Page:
It’s the ultimate question. And it has remained unanswered for 42 years.
“How ’bout a Fresca?” Judge Elihu Smails maniacally asked Danny Noonan in Caddyshack. Before the caddie could respond, however, Smails vigorously tousled Noonan’s hair to cement their “understanding,” and the scene was over. So, I ask you now, Mr. Scholarship Winner: Do you want a Fresca?
Of course you do! And you won’t have to wait much longer to get it the way you truly want it. Constellation Brands — a beer, wine and spirits heavyweight — is partnering with Coca-Cola (owner of Fresca) to deliver a grown-up version of what Smails proffered so long ago. In the fall, canned cocktails featuring Fresca will hit the market, beginning with separate vodka and tequila versions.
“We can’t ignore the fact that we have a passionate fan base within the golf world,” says Alex Schultz, who is part of the Constellation team rolling out the Fresca canned cocktails. “It makes sense because people at golf clubs have been using Fresca as a mixer for years. Now, they’ll just be able to grab a cocktail that’s already perfectly mixed.”
It’s fair to say that pre-made cocktails with genuine spirits are tailgating on the road forged by hard seltzers, which themselves are all about a convenient, low-alcohol alternative to beer. White Claw and its ilk scratched out nearly $9 billion globally in 2021, and that growth is expected to continue.
For those who savor a well-made, full-strength cocktail, however, a golden age of grab-and-go excellence is just underway — and the people behind the drinks are very aware their approach to mixology has a natural home on the golf course.
That’s certainly the case with Jill Burns and Kelly Gasink, sisters who cofounded Austin Cocktails. When they were kids, the Dallas-born sisters spent summers at their grandparents’ farm in Minnesota. Grandpop Fred was not a country club fella, nor a stereotypical farmer. He enjoyed making divots at the local public course, where he played in shorts and Birkenstocks, grandkids in tow. At least as important to our tale, he also had a tradition on the farm. When the hard work was done, the family gathered at 1700 hours for “Cocktail Time.”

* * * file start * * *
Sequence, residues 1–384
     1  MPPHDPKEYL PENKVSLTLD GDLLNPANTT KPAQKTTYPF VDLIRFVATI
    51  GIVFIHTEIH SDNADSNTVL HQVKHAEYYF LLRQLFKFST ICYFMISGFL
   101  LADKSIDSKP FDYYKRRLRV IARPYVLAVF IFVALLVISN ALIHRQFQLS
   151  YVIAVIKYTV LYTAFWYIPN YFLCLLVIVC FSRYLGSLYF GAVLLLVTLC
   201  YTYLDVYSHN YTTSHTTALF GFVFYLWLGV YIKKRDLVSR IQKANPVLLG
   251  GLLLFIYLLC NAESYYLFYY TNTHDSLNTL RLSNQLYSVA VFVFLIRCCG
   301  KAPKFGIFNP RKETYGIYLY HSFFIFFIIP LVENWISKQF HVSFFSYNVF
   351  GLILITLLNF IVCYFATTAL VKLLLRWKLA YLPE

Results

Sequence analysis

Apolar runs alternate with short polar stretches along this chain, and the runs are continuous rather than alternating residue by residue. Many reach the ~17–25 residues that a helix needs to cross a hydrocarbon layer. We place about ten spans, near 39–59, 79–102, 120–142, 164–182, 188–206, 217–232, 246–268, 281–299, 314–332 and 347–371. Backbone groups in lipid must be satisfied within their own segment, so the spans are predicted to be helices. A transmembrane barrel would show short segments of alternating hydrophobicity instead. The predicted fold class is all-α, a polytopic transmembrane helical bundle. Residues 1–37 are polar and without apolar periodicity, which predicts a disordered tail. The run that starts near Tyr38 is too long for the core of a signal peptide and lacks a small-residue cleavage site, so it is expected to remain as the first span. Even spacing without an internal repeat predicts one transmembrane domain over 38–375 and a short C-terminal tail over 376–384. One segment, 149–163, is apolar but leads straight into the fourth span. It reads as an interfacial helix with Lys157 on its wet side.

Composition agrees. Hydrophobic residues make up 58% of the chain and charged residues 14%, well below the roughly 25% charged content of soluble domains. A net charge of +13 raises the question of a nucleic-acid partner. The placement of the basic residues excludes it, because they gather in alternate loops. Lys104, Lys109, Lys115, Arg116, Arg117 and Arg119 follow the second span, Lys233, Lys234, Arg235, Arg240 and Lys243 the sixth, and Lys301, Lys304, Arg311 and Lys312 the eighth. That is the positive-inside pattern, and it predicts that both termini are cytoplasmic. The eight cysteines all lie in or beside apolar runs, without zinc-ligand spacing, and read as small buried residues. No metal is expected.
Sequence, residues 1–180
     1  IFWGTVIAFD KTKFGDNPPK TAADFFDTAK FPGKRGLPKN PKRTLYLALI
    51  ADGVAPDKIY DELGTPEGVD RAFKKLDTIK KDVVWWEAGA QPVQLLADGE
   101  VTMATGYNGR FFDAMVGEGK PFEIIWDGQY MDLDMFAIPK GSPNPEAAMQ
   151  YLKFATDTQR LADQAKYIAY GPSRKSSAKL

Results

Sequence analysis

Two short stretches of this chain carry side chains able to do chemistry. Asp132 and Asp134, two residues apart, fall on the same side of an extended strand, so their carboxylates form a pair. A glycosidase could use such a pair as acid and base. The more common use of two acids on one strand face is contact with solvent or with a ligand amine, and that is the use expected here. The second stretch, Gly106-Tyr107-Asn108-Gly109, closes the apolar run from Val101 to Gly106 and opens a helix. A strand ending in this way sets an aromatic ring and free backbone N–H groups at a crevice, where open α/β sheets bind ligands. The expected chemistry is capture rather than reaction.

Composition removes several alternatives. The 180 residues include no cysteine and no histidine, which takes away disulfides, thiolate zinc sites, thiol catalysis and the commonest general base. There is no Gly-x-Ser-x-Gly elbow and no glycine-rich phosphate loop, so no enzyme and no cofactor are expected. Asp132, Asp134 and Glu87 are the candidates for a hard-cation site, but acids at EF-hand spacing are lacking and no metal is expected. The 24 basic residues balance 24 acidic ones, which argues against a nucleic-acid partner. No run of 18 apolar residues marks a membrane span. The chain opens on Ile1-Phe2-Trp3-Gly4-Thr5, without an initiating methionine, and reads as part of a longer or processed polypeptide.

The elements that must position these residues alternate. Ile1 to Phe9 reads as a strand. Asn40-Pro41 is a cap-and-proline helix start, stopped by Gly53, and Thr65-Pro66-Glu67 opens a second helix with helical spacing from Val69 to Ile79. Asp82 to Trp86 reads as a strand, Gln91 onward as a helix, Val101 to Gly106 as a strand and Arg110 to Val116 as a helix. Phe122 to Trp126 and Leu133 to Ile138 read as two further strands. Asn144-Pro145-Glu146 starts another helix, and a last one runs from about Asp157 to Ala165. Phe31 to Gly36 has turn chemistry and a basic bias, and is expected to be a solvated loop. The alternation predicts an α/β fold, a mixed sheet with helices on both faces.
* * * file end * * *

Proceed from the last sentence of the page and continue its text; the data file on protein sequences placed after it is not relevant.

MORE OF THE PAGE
“He used ingredients from the gardens and farm in handmade cocktails,” says Jill Burns, who played on the golf team at Santa Clara University. “When we were kids, we joined in with Shirley Temples, but when we were old enough to take part in the cocktails we eventually thought, ‘We should start batching these.’ ”
Fred’s granddaughters are passionate about the taste of their drinks. Kelly is what’s known as a super taster (that’s a real thing you can test for), whereas Jill says she likes an “alcohol-forward cocktail.” Together, they opt for quality over ease. Rather than using a single supplier for the flavors in their drinks, they search yon and hither for complementary tastes. The result is legit cocktails that don’t taste like they’re poured from a can.
This summer, Austin Cocktails will debut two new tequila drinks. In the meantime, try their Fred’s Ruby Red and savor the vodka, grapefruit, mint and lime mix. And next time you swing through Austin, check to see if the tasting room at their spanking new production facility in The Yard is open.
The good news isn’t only emanating from Austin, fellow professionals. Longtime readers of Rounds know the Transfusion is a favorite, and, in Virginia, there is a new disciple of the Church of Vodka, Grape and Ginger Ale. Turner Lewis is a full-time radiologist, but during the pandemic he wasn’t going to the office, and his entrepreneurial itch got itchier. Fore Craft Cocktails “is a boot-strap effort at this point,” says Turner — but our man is making serious inroads with his Transfusion. New drinks are in the works, but as for the mother-ship Transfusion, Turner says he had an epiphany during its creation.
“I wanted real flavors,” says he. “I didn’t want a 100-calorie drink masquerading as a Transfusion. No moonshine, no malt alcohol. I wanted real vodka. I wanted it to taste like a real Transfusion.”
Can I get an Amen, brothers and sisters!
Michael Corcoran hasn’t emptied enough cans to reach the moon and back … yet. But he’s no quitter.